Richard Florida's creative class theory posits that highly skilled workers with creative- or knowledge-intensive occupations are particularly sensitive to ‘quality of place’, a key component of which is an open and tolerant attitude toward different peoples, cultures, and lifestyles. While diversity, as a proxy for tolerance, has proven to be a relatively weak pull-factor at the inter-metropolitan level, the potential role of neighborhood-level diversity in the residential location of creative class workers has yet to be explored empirically. In this study we use ordinary least squares (OLS) regression and geographically weighted regression (GWR) to test the hypothesis that there exists significant associations between particular types of neighborhood diversity (i.e., sexual orientation, language, race, and income) and the proportion of workers with specific creative class occupations. The results of our Chicago case study suggest a significant positive relationship between the creative class and the proportion of gay households and income diversity, but not racial or linguistic diversity. Overall, diversity appears to play a limited role in predicting where creative class workers reside, though the GWR analysis indicated substantial spatial variation in the strength of association between neighborhood diversity and creative class share across the study area.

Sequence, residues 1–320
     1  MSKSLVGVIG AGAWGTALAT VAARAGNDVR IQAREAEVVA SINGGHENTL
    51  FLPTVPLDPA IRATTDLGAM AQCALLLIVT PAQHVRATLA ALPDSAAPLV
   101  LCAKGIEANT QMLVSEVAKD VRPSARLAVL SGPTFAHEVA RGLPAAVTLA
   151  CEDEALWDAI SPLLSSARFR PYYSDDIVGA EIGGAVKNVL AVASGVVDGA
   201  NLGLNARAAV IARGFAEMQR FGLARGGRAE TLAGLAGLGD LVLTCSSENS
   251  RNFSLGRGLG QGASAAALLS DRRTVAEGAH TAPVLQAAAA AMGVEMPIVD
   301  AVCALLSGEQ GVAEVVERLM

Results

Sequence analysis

Bereitschaft, Bradley and Cammack, Rex G., "Neighborhood diversity and the creative class in Chicago" (2015). Geography and Geology Faculty Publications. 7.
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